# THANKSGIVING DINNER - Basic Algebra Distributive Property & Combining Like Terms

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β’ Distributive Property & Combining Like Terms Color-by-Number Worksheet

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Look for and make use of structure. Mathematically proficient students look closely to discern a pattern or structure. Young students, for example, might notice that three and seven more is the same amount as seven and three more, or they may sort a collection of shapes according to how many sides the shapes have. Later, students will see 7 Γ 8 equals the well remembered 7 Γ 5 + 7 Γ 3, in preparation for learning about the distributive property. In the expression π₯Β² + 9π₯ + 14, older students can see the 14 as 2 Γ 7 and the 9 as 2 + 7. They recognize the significance of an existing line in a geometric figure and can use the strategy of drawing an auxiliary line for solving problems. They also can step back for an overview and shift perspective. They can see complicated things, such as some algebraic expressions, as single objects or as being composed of several objects. For example, they can see 5 β 3(π₯ β π¦)Β² as 5 minus a positive number times a square and use that to realize that its value cannot be more than 5 for any real numbers π₯ and π¦.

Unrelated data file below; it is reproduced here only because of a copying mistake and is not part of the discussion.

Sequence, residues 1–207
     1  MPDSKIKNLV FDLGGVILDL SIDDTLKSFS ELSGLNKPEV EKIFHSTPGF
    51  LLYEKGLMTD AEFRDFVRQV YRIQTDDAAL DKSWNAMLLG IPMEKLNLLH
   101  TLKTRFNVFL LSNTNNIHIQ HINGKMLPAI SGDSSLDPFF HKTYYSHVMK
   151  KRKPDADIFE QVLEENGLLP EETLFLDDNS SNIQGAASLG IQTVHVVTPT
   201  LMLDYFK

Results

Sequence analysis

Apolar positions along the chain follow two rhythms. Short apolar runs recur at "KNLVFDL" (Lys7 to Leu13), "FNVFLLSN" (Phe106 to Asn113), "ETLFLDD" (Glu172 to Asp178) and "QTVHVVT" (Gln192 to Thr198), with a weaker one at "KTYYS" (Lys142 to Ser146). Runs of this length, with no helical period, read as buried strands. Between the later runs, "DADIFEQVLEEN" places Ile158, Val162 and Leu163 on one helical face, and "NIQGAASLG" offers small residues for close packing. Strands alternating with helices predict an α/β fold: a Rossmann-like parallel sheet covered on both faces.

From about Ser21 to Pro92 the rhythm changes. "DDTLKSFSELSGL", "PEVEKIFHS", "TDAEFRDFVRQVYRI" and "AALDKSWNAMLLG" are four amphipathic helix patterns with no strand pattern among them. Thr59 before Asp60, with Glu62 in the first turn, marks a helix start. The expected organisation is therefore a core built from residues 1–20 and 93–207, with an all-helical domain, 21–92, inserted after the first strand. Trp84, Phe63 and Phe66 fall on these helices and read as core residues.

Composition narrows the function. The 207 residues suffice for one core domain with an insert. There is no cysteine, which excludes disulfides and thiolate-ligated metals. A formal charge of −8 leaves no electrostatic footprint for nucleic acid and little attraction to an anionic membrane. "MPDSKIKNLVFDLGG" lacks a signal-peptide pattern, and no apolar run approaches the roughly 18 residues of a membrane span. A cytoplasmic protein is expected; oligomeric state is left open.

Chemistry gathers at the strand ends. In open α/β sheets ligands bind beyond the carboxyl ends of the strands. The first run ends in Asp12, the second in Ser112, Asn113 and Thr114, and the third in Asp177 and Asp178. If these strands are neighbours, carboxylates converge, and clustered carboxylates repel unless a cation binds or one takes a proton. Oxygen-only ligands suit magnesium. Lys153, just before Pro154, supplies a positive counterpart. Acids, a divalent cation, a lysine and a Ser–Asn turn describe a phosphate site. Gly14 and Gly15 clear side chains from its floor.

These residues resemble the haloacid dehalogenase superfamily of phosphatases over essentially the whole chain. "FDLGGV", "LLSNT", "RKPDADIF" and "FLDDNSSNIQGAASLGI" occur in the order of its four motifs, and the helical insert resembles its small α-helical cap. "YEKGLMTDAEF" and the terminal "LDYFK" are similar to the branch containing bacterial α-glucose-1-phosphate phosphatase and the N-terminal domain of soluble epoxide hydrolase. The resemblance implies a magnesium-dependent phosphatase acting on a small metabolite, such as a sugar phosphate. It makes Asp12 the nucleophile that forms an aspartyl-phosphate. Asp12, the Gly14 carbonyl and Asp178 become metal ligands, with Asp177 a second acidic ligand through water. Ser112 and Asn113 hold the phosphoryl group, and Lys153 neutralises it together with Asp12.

Apply the properties of operations to generate equivalent expressions. For example, apply the distributive property to the expression 3 (2 + πΉ) to produce the equivalent expression 6 + 3πΉ; apply the distributive property to the expression 24πΉ + 18πΊ to produce the equivalent expression 6 (4πΉ + 3πΊ); apply properties of operations to πΊ + πΊ + πΊ to produce the equivalent expression 3πΊ.
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